The UK has fallen out of the top 20 most gender-equal countries in the world for the first time after average wages for women in the workplace fell by £2,700 in a year, a new report reveals.
The analysis, by economists at the respected World Economic Forum, found that the UK now lagged behind Nicaragua, Bulgaria and Burundi in the list of those societies where women and men have the most equitable life chances in education, work and health.
Last year the UK was ranked 18th in the Global Gender Gap Report, but this year fell to 26th. The report is unusual in that the index is constructed to rate countries on their gender gaps, independent of their levels of development.
Thus less developed countries can be placed higher up the rankings if they are more equitable – even if their overall earnings, access to education, or health outcomes are lower.
The report found that this year average earning for women in the UK had fallen from £18,000 to £15,400 while earnings for men were unchanged at £24,800.
However, it said there was a small increase in the percentage of women in senior official and managerial positions, up from 34 per cent to 35 per cent, as well as an increase in the percentage of women in tertiary education.
Overall the report ranked Iceland as the most “equal” country in the world, closely followed by Finland, Norway and Sweden. At the other end of the scale, Yemen was the least equal country ahead of Pakistan and Chad.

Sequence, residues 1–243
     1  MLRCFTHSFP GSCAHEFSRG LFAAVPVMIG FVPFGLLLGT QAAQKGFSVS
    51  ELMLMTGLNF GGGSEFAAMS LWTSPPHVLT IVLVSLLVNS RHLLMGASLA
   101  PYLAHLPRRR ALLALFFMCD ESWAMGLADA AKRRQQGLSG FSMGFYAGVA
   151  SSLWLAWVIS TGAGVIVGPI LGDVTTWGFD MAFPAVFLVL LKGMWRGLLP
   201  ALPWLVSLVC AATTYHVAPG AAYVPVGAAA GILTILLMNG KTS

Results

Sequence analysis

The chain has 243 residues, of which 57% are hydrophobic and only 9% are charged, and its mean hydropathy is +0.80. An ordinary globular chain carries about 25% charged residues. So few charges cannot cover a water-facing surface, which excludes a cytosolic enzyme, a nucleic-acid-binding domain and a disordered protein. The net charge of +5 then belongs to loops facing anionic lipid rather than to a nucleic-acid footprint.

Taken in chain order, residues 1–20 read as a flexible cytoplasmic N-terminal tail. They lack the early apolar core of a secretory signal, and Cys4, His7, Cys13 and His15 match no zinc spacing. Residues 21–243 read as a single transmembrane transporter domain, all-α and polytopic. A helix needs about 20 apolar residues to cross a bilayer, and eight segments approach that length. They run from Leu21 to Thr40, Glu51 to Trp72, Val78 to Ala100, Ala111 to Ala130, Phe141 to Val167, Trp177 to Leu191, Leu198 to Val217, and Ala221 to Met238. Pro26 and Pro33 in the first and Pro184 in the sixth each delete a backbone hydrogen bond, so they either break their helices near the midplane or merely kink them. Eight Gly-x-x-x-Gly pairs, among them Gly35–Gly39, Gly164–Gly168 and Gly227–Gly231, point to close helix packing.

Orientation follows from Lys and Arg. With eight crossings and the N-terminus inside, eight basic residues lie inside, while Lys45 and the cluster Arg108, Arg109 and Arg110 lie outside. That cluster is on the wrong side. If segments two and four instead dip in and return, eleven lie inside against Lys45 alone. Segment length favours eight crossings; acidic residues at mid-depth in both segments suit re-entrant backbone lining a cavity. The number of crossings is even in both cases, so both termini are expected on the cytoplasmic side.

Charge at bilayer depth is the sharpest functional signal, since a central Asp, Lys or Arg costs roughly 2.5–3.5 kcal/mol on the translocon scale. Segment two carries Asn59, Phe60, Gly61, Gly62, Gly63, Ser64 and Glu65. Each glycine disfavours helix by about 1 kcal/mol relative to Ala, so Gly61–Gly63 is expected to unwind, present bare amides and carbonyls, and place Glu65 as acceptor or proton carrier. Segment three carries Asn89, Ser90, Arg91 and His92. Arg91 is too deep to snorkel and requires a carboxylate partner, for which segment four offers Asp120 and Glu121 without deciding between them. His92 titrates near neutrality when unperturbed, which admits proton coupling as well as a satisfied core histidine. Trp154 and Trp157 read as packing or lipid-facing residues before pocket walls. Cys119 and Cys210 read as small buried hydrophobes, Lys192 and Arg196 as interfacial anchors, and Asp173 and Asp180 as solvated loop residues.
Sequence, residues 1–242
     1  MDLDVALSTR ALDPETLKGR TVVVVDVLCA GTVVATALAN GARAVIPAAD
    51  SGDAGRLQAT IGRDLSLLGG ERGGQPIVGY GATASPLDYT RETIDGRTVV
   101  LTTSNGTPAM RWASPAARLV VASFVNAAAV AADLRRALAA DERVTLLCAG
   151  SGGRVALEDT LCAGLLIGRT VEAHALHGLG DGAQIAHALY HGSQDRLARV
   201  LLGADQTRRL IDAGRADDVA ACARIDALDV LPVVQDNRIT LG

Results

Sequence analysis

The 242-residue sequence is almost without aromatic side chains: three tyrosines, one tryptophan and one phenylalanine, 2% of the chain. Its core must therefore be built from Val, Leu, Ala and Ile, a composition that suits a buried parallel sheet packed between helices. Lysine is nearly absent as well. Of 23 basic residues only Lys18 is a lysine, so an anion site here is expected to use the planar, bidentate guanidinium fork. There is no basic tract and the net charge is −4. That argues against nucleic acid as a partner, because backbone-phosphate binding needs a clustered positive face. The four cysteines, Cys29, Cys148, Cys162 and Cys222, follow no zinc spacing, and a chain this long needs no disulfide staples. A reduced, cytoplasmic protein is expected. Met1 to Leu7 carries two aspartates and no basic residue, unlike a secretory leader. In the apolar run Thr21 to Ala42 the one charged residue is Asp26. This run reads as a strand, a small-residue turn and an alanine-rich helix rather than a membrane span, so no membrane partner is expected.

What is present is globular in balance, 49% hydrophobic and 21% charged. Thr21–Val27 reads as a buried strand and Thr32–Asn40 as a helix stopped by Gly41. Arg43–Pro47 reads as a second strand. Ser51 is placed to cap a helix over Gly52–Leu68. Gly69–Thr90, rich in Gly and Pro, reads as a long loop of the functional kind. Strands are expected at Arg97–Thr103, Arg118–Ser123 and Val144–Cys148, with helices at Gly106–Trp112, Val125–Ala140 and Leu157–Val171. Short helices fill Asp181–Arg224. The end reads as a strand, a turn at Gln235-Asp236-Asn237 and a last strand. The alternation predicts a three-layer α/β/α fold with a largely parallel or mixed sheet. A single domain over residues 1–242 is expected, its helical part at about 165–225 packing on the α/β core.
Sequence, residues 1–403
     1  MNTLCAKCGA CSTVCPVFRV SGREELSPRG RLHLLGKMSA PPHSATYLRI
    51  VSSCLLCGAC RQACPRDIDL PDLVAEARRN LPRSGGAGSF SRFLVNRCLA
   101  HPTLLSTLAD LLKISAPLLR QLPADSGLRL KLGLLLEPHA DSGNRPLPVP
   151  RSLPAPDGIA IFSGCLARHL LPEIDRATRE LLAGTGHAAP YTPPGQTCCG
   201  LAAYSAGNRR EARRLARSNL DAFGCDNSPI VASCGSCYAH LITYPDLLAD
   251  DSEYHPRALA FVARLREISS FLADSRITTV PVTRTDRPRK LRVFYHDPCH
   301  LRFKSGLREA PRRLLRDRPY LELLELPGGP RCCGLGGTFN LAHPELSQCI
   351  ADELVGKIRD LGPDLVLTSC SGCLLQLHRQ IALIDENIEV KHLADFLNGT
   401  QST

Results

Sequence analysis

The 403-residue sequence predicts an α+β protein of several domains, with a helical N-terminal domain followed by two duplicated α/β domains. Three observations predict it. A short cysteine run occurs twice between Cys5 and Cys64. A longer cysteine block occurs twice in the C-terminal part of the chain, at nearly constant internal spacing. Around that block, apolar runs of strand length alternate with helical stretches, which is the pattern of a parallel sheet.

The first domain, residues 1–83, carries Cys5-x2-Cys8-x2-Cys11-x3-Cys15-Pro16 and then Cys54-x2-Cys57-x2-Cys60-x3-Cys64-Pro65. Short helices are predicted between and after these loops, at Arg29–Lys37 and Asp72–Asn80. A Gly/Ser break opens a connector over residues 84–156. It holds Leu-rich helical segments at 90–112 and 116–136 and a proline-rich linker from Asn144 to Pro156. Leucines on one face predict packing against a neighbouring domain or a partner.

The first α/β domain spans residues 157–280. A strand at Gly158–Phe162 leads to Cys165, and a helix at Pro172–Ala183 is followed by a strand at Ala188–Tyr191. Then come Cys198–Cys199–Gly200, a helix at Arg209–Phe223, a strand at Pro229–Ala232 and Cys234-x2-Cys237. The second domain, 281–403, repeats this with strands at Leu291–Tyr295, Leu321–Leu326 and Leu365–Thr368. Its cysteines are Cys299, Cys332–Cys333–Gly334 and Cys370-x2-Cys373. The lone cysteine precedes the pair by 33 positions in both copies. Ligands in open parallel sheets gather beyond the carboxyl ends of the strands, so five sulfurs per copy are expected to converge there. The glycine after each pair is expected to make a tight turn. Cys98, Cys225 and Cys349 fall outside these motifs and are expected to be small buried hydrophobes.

The UK was ranked 46th for economic participation and opportunity and 32nd for educational attainment.
The authors said that on average across the world in 2014, more than 96 per cent of the gap in health outcomes, 94 per cent of the gap in educational attainment and 60 per cent of the gap in economic participation had been closed since the first gender report was published in 2006.
But they warned: “No country in the world has achieved gender equality.”
“The report continues to highlight the strong correlation between a country’s gender gap and its economic performance,” they wrote.
“Because women account for one-half of a country’s potential talent base, a nation’s competitiveness in the long term depends significantly on whether and how it educates and utilises its women.”
Eva Neitzert, the deputy chief executive of Fawcett Society, said the past five years had seen a number of key markers of gender equality go backwards.
“Any government committed to gender equality must lift the national minimum wage and ensure that any future welfare changes do not disproportionately impact women,” she said. “The Government should lead by example by enforcing the Living Wage in the public sector.”
The shadow minister for women and equalities, Gloria De Piero, said the analysis was a “damning indictment of David Cameron and Nick Clegg’s record for women”.
“Their policies have meant that women’s wages are lower this year than last year and the gender pay gap is back on the rise after years of falling under Labour,” she said.
The top 20 gender-equal states
- New Zealand
- South Africa
- United States